Bluegrass Beacon: Will state’s new election laws improve primary voter turnout?

Bluegrass Institute for Public Policy Solutions

Thursday, May 12, 2022 — Tuesday’s primary election will be the first test of new state election laws.

Will they help increase turnout?

Let’s hope so.

Turnout in the 2020 presidential primary election – moved from May to several weeks in June after the World Health Organization declared COVID-19 a pandemic – was 1.1 million, or 29%, up from 20% in the 2016 primary. More than 848,000 used absentee ballots.

Over 2 million voted in the 2020 General Election after Republican Secretary of State Michael Adams reached agreement with Democratic Gov. Andy Beshear to allow three weeks of voting.

But that was a presidential election, when turnout’s usually stronger – with or without a pandemic or expanded schedule.

The coronavirus makes conducting elections – a monumental undertaking for counties, even in good times – even more challenging for counties.

Jefferson County voters in the 2020 primary only had one location – the 1.3 million square feet of space at the Kentucky Exposition Center – something for which Jefferson County Clerk Bobbie Holsclaw was roundly criticized.

“We’ve got to deal with the cards that have been dealt to us,” Holsclaw responded at the time.

While House Bill 574, sponsored by Rep. Jennifer Decker, R-Shelbyville, allowing three days of early in-person voting – including the Saturday before Election Day – beginning this year passed with overwhelming bipartisan support during the General Assembly in 2021, it remains to be seen how voters in an off-year nonpresidential election will respond.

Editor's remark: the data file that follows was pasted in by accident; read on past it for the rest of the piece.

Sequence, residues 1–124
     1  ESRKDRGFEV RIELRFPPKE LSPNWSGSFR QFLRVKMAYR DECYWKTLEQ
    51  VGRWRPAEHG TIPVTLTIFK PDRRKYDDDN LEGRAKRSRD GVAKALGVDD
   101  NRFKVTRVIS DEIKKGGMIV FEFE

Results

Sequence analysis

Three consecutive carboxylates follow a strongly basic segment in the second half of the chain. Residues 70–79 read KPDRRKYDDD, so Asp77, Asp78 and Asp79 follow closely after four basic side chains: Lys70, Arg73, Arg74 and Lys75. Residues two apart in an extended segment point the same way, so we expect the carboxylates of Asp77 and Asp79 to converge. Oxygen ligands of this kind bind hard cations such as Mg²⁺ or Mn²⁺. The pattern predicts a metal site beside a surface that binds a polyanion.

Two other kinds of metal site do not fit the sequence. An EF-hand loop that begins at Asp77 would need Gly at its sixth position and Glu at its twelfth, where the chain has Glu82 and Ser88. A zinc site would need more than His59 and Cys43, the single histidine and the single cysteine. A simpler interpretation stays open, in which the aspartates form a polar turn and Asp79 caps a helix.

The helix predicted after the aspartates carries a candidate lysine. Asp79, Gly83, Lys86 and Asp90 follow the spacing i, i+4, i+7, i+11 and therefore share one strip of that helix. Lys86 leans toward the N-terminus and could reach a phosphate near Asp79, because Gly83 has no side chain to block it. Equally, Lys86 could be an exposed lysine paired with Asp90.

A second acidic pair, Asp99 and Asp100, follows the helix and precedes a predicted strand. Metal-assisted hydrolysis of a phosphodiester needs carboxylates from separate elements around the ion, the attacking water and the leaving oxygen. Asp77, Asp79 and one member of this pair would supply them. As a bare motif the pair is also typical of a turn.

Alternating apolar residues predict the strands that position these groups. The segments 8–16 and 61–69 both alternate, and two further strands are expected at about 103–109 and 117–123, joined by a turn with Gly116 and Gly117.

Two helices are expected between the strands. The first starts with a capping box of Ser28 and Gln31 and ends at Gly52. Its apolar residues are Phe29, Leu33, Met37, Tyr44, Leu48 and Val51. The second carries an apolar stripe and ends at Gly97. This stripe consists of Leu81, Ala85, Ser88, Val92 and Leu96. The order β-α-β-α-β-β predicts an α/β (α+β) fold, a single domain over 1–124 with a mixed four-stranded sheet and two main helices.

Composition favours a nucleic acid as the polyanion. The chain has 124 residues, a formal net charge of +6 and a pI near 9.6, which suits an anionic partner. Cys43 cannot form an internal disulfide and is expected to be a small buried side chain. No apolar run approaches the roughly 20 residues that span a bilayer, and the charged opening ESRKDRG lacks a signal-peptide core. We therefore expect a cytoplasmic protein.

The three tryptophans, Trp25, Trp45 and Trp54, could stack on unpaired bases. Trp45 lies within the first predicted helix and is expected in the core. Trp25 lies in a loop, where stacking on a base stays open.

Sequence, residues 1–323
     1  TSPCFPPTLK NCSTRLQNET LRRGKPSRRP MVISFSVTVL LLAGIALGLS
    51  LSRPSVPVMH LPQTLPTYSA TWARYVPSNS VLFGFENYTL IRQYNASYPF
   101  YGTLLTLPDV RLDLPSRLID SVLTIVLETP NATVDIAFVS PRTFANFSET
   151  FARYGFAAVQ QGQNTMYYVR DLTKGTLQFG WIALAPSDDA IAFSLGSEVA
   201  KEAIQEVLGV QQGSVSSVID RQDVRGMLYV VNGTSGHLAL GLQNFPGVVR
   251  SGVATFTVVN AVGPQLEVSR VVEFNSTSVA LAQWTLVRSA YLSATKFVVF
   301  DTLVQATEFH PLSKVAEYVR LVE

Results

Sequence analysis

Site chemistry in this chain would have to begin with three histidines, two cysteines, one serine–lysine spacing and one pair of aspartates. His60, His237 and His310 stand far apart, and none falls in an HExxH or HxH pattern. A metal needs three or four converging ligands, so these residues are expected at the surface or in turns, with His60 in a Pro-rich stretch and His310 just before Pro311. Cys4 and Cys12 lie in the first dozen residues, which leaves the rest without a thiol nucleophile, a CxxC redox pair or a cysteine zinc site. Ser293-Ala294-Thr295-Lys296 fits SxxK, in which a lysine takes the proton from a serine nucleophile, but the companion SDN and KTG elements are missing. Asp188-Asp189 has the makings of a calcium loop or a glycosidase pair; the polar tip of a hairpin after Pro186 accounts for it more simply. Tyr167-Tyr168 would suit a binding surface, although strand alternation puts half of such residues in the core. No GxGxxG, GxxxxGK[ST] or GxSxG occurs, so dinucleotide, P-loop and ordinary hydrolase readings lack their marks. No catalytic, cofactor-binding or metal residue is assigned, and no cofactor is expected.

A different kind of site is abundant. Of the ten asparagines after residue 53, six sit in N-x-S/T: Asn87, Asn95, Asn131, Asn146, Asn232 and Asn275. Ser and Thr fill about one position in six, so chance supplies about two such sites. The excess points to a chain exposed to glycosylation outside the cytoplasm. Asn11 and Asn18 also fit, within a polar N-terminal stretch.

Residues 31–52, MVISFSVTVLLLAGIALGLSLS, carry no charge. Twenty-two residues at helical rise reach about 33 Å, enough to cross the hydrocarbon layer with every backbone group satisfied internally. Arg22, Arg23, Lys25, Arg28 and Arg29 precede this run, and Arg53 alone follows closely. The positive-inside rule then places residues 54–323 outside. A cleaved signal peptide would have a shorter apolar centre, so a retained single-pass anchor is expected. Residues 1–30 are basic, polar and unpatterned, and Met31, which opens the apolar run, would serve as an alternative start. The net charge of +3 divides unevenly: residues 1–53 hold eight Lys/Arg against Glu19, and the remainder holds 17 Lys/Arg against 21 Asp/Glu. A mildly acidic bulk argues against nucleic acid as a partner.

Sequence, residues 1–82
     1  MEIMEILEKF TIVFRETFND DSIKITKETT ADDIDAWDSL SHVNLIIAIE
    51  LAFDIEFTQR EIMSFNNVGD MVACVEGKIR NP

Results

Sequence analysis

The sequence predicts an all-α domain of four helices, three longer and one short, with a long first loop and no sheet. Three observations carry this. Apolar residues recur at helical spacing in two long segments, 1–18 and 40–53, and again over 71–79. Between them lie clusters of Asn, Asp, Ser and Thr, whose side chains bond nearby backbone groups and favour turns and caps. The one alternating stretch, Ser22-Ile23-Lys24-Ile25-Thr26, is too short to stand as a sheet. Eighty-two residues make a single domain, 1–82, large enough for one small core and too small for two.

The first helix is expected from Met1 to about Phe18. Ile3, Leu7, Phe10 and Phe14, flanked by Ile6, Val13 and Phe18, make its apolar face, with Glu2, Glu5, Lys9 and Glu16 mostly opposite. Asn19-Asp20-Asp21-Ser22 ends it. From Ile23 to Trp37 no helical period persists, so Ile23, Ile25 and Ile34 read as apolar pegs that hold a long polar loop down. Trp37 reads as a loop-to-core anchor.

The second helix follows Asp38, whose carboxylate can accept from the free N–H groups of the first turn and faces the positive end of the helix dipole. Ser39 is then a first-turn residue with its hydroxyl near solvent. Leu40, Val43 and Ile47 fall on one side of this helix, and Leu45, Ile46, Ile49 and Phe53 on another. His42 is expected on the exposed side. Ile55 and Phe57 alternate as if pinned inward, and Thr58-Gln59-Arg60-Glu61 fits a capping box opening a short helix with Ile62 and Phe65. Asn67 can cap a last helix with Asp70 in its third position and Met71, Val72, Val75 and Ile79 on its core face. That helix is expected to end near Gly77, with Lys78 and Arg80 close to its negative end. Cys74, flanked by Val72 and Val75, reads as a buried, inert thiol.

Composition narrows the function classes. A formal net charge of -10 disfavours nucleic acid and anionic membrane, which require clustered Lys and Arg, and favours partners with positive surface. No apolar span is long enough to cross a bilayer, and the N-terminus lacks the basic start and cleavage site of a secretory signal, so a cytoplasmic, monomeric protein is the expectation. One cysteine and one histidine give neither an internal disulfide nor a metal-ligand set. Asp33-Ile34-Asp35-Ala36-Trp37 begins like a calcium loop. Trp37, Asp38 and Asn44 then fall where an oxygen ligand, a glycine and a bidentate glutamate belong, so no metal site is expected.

Only 24% of eligible voters cast ballots in the last pre-Covid nonpresidential primary in 2018.

It may help that Jefferson County – Kentucky’s largest – has six polling locations for this year’s three early days of voting.

Jefferson Countians who want to vote in person on Election Day can – like pre-Covid – go to their precincts’ normal polling sites.

Other counties offer different options.

Warren County made five locations available for both early and Election Day voting and is adding three additional locations for Tuesday.

Warren County Clerk Lynette Yates told WKYU-FM that changes brought on by the pandemic – including no-excuse early voting – helped turnout.

While Yates wouldn’t commit to the same approach “forever,” she said “everything we heard in 2020 was so positive and that’s why we’re continuing with that plan.”

Holsclaw told me in an interview on Louisville’s WBNA TV 21 and 970 AM WGTK that low primary turnouts for all political parties mean winners need fewer votes to prevail yet – if they win in the fall – will make decisions directly impacting many citizens.

“It affects your life every day,” she said. “Whether you want to believe that – that’s very true.”

Or, as Thomas Jefferson is credited for observing: “We in America do not have government by the majority. We have government by the majority of people who participate.

Turnout can be influenced by whether voters believe in the election’s integrity.

Holsclaw said she’s addressing this by insisting upon paper ballots kept by her office for 22 months and around-the-clock security where votes are housed after being cast “to make sure that no one can tamper with or get to those ballots and no one can get to the machines.”

Machines, she’s quick to add, which have “no modems inside,” making it impossible for them to be connected to the internet.

“We’ve worked very hard to make sure everything goes right and that people can trust that their vote does count,” she added.

Will it be enough to reassure skeptical voters?

Hopefully, since getting good policies implemented – my focus – requires capable policymakers and competent leaders.

And we’re more likely to get better leaders when more voters of all political persuasions engage.

“My hope is that more people want to get involved now.” Holsclaw said. “I think they’ve seen a lot of things go on, particularly in Jefferson County, and it is my hope that they want to go to the polls and state their feelings.”

Mine, too – whatever those “feelings” might be.

Jim Waters is president and CEO of the Bluegrass Institute for Public Policy Solutions, Kentucky’s free-market think tank. Read previous columns at www.bipps.org. He can be reached at jwaters@freedomkentucky.com and @bipps on Twitter.


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